Australia Sues Apple For Bricking iPhones Repaired by Third Parties

Apple forbids consumers from taking their iPhones to third parties for repair, and sometimes even bricks phones as punishment. But Australia has said that’s not cool and is suing the tech behemoth. Or, to put it in Australian, “yeah nah mate, garn git fucked.” Read More >>

India and New Zealand Were Wrong to Recognise Rivers as Persons

Courts in New Zealand and India have granted legal personhood status to three rivers. The strange status is meant to protect the waters from pollution, but the measure could lead to unintended consequences, while undermining efforts to grant personhood status to living beings who actually deserve it. Read More >>

A Fight to Recognise Chimpanzees as Persons Could Save the Animal Kingdom

“They used to bark at me when I walked into the courtroom,” lawyer Steven Wise said in the Sundance documentary Unlocking the Cage, which debuted on HBO last month. His use of the word “bark” is literal. Read More >>

University Very, Very Sorry It Gave Lab Students ‘Easily Fatal’ Doses of Caffeine

During a lab test at Northumbria University last March, sports science students were supposed to receive around 300 milligrams of caffeine. Due to a misplaced decimal point, prosecutors say two of them were given 30,000 milligrams—equal to 300 cups of coffee or almost twice the generally recognised lethal dose—instead. And now the university is so, so sorry. Read More >>

Alternative Porn Categories Are Facing a UK Ban

‘Non-conventional’ internet porn is set to be banned in the UK, which may or may not positively impact the nation’s productivity. Read More >>

The War With Extraterrestrials Will Begin in France

With UFO sightings on the rise and Hillary Clinton’s campaign chairman leading a push to reveal more classified info on extraterrestrial life, one small town in France wants to potentially ruin it for us all. Read More >>

FBI Says Russia Hacked the Democrats to Influence the US Election

The US Intelligence Community is confident the Russian government was behind recent hacks against the Democratic National Committee that compromised thousands of emails from top DNC members. Read More >>

Teenage Terror Suing Parents Over Facebook Baby Photos

Boo-hoo, unnamed (for legal reasons) Austrian teenager, boo-fricking-hoo. An 18-year-old terror is taking her parents to court, because they keep posting ever-so-slightly embarrassing pictures of her as a baby on Facebook. Read More >>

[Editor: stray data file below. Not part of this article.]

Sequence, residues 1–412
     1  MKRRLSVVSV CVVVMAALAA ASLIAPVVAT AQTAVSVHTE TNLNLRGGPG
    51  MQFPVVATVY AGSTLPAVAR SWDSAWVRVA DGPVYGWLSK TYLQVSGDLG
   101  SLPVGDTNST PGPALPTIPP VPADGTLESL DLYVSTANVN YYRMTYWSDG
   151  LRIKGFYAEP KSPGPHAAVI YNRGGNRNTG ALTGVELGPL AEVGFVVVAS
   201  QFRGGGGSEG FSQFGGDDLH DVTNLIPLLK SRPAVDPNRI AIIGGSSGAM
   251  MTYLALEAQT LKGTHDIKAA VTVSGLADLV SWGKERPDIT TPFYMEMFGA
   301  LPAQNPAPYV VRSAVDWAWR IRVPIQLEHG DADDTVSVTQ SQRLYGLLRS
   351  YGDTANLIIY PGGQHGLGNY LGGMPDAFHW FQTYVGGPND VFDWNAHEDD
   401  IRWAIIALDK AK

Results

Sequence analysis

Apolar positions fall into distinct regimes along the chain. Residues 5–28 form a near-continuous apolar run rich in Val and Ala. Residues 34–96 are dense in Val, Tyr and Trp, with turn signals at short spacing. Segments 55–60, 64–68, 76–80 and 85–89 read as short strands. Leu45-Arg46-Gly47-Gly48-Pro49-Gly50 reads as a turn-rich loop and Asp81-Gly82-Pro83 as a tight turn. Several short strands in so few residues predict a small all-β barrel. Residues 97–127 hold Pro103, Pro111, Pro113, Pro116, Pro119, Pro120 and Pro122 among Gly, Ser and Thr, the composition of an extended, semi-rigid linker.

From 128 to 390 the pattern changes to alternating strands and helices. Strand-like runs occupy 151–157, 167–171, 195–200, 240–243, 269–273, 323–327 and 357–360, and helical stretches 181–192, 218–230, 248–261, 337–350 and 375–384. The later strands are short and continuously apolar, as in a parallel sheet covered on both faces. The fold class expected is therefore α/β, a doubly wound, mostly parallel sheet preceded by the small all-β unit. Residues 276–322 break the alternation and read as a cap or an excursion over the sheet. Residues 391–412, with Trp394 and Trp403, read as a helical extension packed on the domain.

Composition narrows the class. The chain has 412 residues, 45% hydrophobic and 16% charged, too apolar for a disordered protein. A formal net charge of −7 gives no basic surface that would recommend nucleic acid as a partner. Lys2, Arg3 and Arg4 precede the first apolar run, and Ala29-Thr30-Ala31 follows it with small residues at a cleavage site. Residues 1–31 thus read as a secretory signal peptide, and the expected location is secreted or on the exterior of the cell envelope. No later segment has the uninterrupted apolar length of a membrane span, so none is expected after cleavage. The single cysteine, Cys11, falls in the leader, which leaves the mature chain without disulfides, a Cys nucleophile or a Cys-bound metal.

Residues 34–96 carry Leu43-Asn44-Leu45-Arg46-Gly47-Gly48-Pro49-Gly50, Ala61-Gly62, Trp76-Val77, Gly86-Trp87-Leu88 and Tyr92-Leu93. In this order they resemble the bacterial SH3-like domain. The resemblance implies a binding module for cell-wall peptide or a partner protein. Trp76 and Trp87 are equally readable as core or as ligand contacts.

British Citizens May Soon Need a £50 Visa to Travel to Europe

Ah, balls. Brexit, the gift that keeps on giving, means that Brits may soon have to apply for and purchase a travel visa in order to go on holiday in Europe. Read More >>

Police and Security Services Made 1,119 Errors Intercepting Communications Data in 2015

A report from interception of communications commissioner Sir Stanley Burnton shows that the police and security services acquired 761,702 items of communications data -- including details relating to mobile and landline calls and web activities -- in 2015. Read More >>

Apple Hit With Record Penalty For Illegal Irish Tax Arrangement [Updated]

The big news today is that a mega-rich company that’s done its utmost to pay as little as possible in taxes will have to pay a perfectly manageable fine if it’s found to have done anything naughty. Read More >>

BBC iPlayer to Require Licence Fee From September

The so-called ‘iPlayer loophole’ is set to be closed on September 1st. From the beginning of next month, you’ll need to have paid the £145.50 per year TV licence fee in order to use the BBC’s catchup service. Read More >>

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How Does Maritime Law Actually Work?

A country’s territorial waters reach twelve miles off its coast, which means it can make up the rules there. Twelve miles beyond that is the contiguous zone where the country can only enforce laws regarding customs, taxation, immigration, and pollution. Up to 200 nautical miles off the coast is the exclusive economic zone (EEZ), which is sort of international waters but only that country has the rights to harvest the natural resources there. One country, three different levels of laws over the ocean. Read More >>

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You Don’t Break Han Solo’s Leg and Get Away With it

Han Solo’s leg has been avenged, with Disney subsidiary Foodles Production (UK) Ltd pleading guilty to two criminal charges relating to that accident on the set of The Force Awakens in June 2014. Read More >>

Amazon’s UK Delivery Drone Trial Will Focus on Three Key Problems

Amazon and the government have announced a new trial for delivery drones in the UK. The retail giant will bankroll the tests, which it says will be focused on solving three key problems. Read More >>